Israel’s Transportation Minister Merav Michaeli on Friday said that she plans to run the Tel Aviv light rail on Shabbat starting next year.
“It is my decision, and I reached it taking into consideration all the important implications [surrounding such as decision] brought before me,” Michaeli told Channel 12
On Shabbat – which starts Friday at sundown and lasts until Saturday at sunset – most of Israel closes, and there is minimal public transportation.
The Tel Aviv light rail’s Red Line, set to open in November, travels through Bnei Brak, an ultra-Orthodox suburb in the central region that generally prohibits cars during Shabbat.
However, these plans could be upended as a result of the general elections, set to take place on November 1. Michaeli’s center-left Labor party is part of Prime Minister Yair Lapid’s bloc, commonly referred to as the “anti-(Opposition Leader Benjamin) Netanyahu bloc.”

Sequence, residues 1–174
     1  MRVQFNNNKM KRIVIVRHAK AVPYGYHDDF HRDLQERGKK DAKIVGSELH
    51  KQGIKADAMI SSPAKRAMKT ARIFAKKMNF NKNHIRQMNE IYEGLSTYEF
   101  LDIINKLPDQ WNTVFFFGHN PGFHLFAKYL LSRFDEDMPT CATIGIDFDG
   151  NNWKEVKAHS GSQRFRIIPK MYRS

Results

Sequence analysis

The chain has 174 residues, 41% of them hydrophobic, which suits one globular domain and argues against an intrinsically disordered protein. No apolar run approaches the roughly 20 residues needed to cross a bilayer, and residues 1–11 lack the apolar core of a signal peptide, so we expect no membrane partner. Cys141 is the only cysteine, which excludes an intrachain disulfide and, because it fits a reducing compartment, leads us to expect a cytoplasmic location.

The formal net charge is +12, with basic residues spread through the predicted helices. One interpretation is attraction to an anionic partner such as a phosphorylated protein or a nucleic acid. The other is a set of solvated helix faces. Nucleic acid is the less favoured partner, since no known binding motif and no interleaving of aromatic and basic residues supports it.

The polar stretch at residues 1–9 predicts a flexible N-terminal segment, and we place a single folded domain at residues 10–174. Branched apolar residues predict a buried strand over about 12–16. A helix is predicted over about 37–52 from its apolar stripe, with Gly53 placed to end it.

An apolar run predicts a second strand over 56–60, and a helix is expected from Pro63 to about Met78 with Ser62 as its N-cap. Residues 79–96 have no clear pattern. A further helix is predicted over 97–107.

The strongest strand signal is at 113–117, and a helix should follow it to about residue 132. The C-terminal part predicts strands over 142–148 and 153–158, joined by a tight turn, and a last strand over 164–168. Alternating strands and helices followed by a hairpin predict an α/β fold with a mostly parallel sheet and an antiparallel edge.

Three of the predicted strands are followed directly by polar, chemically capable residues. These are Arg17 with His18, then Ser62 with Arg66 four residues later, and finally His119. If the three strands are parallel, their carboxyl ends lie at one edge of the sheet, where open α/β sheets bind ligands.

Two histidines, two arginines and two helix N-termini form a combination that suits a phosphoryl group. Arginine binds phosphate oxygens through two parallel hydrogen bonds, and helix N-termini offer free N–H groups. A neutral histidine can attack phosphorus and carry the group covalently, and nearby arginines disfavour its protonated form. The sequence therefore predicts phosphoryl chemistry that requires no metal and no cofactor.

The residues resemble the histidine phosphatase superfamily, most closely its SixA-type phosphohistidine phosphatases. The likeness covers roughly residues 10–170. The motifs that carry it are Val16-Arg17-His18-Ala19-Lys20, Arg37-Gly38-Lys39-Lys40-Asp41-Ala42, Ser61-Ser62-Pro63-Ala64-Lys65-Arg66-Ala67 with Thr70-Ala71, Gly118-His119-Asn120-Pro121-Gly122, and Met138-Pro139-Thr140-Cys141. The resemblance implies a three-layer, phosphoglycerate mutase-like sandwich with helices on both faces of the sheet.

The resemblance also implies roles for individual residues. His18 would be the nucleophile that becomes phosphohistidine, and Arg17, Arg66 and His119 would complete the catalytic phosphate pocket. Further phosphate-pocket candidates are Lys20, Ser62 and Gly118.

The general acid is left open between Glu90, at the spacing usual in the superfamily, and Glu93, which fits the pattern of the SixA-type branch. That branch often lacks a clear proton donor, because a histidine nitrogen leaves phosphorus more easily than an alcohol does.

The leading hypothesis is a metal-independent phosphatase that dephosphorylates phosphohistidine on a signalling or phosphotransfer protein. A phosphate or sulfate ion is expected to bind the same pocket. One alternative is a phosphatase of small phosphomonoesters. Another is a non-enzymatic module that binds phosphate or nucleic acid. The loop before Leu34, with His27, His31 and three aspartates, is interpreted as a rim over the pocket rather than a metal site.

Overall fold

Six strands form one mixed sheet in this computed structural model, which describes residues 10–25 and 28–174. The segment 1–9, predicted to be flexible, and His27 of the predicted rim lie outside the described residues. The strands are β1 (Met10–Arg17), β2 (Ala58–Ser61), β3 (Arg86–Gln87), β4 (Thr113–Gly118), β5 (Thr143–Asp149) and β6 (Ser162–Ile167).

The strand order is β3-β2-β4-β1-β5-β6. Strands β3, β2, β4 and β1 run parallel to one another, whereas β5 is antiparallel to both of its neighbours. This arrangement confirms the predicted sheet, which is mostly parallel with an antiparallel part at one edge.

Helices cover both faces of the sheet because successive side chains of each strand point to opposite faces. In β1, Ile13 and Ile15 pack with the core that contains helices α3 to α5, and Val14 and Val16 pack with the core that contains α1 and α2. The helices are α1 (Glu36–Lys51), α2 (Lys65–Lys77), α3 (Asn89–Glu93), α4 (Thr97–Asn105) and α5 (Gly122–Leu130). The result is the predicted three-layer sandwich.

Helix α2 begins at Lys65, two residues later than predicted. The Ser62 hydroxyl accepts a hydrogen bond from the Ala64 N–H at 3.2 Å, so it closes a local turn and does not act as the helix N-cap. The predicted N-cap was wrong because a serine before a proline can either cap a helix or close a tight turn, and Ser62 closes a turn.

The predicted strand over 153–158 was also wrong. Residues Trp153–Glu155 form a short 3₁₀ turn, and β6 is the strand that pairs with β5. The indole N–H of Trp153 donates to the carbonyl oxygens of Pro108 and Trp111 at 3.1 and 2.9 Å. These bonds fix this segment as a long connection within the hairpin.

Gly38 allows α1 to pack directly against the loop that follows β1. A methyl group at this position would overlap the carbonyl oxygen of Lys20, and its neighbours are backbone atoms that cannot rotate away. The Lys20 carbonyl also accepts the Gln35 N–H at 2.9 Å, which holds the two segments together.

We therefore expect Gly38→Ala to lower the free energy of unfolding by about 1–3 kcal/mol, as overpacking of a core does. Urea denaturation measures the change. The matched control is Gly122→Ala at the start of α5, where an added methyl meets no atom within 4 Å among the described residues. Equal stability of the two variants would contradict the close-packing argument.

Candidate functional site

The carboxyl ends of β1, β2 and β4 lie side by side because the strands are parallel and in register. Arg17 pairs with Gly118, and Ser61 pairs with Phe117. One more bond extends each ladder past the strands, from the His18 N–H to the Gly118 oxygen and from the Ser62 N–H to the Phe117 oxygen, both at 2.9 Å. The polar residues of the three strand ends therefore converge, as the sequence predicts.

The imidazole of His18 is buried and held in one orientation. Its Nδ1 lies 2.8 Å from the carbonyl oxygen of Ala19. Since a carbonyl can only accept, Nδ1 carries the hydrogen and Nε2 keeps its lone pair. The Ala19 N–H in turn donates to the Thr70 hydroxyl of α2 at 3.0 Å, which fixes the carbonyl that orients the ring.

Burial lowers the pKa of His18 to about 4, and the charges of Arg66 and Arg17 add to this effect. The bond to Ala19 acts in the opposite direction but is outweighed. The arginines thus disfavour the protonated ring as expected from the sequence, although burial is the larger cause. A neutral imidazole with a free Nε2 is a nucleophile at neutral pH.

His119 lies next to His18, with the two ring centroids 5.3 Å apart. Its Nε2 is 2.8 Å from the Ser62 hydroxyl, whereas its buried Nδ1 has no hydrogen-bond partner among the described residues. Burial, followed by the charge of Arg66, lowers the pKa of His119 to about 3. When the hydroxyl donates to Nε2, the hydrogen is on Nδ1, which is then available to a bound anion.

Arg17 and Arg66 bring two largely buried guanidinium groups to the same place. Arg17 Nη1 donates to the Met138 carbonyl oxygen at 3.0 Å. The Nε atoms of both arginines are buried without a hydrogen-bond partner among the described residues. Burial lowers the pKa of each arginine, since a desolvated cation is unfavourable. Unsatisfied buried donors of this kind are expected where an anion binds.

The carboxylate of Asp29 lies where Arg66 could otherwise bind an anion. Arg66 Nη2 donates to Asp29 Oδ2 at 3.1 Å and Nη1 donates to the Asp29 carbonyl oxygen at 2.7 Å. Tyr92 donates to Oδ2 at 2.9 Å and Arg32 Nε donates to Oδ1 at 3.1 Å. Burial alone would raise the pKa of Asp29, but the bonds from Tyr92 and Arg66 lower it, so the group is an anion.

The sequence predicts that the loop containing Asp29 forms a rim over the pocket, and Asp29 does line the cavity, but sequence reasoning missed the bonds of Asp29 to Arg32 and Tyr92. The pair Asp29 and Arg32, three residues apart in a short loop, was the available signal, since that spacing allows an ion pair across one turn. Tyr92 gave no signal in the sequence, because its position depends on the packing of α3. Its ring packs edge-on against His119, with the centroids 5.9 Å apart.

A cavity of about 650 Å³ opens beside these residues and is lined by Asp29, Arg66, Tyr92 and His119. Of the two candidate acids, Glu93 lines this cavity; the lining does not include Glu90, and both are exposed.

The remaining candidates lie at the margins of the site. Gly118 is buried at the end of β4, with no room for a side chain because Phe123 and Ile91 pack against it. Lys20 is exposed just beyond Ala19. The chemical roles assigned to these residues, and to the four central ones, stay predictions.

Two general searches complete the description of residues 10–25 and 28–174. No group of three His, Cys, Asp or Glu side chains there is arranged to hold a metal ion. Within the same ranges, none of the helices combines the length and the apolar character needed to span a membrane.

Michaeli’s reiteration of her plans to run the light rail on Shabbat stirred outrage among religious politicians, many of whom belong to the Netanyahu bloc.
After Shabbat ended Saturday night, far-right lawmaker Bezalel Smotrich said, “Instead of dealing with the transportation catastrophe that all Israeli citizens suffer from, Merav Michaeli prefers to spread empty slogans.”
He promised that future right-wing governments “will make sure to cancel any decision that harms the Jewish character of the country, and we will preserve the Sabbath and its sanctity as the national day of rest.”